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Inside the FSB’s Cross-Border Payments Roadmap

  • By Andrew Deichler
  • Published: 1/4/2021

Cross-border payments are vital to the overall global payments infrastructure. But while new initiatives and payments technology innovations have emerged in recent years to move cross-border payments forward, multiple obstacles remain in place and new ones are quickly becoming more apparent.

A new AFP Payments Guide, explores the cross-border payments infrastructure. It features an in-depth look at a new plan by the G20 to and the Financial Stability Board (FSB) to strengthen and modernize that infrastructure.


In an August 2020 report, the Bank for International Settlements (BIS) described cross-border payments as critical for economic growth, trade, development and financial inclusion. But it also noted that these payments are generally “slower, more expensive, less transparent and less accessible than domestic payments.”

It is for these reasons that the G20 has made improving cross-border payments a top priority, asking the FSB to develop a roadmap to address systemic issues. The Committee on Payments and Market Infrastructures (CPMI), a division of the BIS, has also been asked to support the effort. The roadmap was released in three stages throughout 2020, after which the actions are to be implemented. The first report on the progress of the roadmap will occur at the G20 Summit in October 2021.

Stage One of the FSB’s roadmap, delivered to the G20 in April 2020, is an assessment of the existing arrangements and challenges in the cross-border payments infrastructure. Enhancing this system requires addressing frictions in current processes, including:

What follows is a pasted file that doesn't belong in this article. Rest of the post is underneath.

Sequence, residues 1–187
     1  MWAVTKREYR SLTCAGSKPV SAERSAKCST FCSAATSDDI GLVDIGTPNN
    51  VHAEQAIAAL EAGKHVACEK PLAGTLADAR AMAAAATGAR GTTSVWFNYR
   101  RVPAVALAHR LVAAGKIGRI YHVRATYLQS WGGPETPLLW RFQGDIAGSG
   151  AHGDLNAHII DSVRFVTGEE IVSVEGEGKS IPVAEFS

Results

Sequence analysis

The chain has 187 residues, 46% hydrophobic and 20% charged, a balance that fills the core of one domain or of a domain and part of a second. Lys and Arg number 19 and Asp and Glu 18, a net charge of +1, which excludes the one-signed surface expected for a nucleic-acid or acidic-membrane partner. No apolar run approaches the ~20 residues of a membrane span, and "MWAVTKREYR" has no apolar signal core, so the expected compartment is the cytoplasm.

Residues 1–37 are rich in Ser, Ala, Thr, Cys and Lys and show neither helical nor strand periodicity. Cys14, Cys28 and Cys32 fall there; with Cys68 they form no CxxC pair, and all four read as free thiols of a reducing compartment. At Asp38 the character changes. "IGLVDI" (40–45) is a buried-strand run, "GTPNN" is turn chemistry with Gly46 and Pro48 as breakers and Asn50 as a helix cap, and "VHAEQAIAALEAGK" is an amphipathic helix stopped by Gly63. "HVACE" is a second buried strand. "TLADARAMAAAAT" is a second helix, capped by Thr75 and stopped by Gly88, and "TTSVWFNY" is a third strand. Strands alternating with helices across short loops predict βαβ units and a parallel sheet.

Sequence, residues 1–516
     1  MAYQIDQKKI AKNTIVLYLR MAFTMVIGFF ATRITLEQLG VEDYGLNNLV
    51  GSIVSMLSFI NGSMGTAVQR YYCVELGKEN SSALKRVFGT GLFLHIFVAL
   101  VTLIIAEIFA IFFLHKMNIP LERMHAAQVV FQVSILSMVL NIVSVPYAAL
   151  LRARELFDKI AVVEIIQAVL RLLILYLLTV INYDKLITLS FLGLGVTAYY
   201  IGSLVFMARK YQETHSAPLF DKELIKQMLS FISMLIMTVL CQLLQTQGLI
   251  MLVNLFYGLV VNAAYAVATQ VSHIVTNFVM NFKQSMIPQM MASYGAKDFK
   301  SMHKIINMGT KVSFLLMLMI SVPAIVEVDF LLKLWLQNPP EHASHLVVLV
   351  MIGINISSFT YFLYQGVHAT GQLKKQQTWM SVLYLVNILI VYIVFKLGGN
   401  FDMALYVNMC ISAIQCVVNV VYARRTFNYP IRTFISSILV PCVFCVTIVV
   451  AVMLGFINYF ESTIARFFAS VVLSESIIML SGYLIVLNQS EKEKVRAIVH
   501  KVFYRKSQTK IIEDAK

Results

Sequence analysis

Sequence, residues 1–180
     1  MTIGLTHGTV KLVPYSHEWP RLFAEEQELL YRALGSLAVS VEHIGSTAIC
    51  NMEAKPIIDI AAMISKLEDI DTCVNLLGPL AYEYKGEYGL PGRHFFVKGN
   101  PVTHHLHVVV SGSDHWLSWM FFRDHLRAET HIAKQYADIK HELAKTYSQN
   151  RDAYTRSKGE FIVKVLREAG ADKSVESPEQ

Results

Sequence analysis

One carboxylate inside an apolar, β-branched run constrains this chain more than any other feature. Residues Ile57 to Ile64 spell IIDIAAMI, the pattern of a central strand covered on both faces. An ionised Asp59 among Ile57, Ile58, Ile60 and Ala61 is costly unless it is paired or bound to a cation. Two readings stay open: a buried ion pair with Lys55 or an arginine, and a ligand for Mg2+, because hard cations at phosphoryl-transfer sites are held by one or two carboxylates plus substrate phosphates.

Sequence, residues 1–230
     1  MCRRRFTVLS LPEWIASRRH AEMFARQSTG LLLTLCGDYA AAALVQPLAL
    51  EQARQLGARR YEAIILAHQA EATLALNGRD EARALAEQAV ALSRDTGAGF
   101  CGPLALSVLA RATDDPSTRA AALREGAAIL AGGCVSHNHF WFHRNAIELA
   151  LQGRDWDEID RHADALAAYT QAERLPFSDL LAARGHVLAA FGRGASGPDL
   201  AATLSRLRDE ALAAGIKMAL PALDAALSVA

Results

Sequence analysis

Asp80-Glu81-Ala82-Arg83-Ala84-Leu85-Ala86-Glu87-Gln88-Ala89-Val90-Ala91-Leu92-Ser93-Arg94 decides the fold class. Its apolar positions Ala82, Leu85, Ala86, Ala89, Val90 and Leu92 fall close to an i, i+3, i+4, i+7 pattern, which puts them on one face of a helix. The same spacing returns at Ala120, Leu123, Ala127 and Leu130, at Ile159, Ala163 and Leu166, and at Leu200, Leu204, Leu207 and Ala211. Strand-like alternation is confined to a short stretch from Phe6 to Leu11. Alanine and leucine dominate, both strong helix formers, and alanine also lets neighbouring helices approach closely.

• Fragmented data standards or lack of interoperability
  • Complexities in meeting compliance requirements
  • Different operating hours across time zones
  • Outdated legacy platforms.

Some public sector initiatives have sought to address these frictions. Corporate treasurers will be pleased to hear that the G20 and the UN have set targets to reduce the cost of sending international remittances and have launched workstreams to make it happen. Additionally, central banks have taken up interlinking projects between individual national and regional payments systems, such as TARGET2, which offers real-time gross settlement services between Eurozone and non-Eurozone countries.

The FSB noted that technological innovation has the potential to build on existing cross-border and domestic payments or to create entirely new ecosystems. Additionally, internet-based infrastructures have provided opportunities for new systems from nonbanks.

However, the FSB also acknowledged that new technology always comes with new risk. The board stressed that any financial innovation needs to be accompanied by measures to address those risks, including a detailed analysis of the operational soundness, legality and consistency of new solutions, and whether additional oversight is needed for these services to come to fruition. The FSB noted that, for example, recent private sector proposals to create stablecoins—cryptocurrencies that are backed by stable assets such as fiat money or commodities—for payment purposes raise questions about regulation and impacts on monetary policy.

The FSB also stressed that public authorities have a duty to work with the private sector to find new opportunities and address the challenges. In particular, the board urged central banks to broaden their focuses beyond domestic or regional payments systems and address the challenges of cross-border or cross-currency payments.

Moreover, cross-border and cross-currency payments occur through a multilayered set of networks, which range from traditional correspondent banking models that settle across the ledgers of participating banks, to more recent entrants like blockchain that settle transactions across a single, distributed ledger. As such, any roadmap that seeks to encompass these diverse platforms will have to take multiple approaches and time horizons into account.

“Some building blocks that form part of the roadmap, which may be shorter-term actions, should benefit a number of different types of existing arrangements,” the FSB said. “Other building blocks, which may be more medium-term, may go beyond adjustments to existing arrangements by proposing actions that should eventually improve the structure of the system and cover all identified frictions, but would take longer and face greater uncertainties in their development.”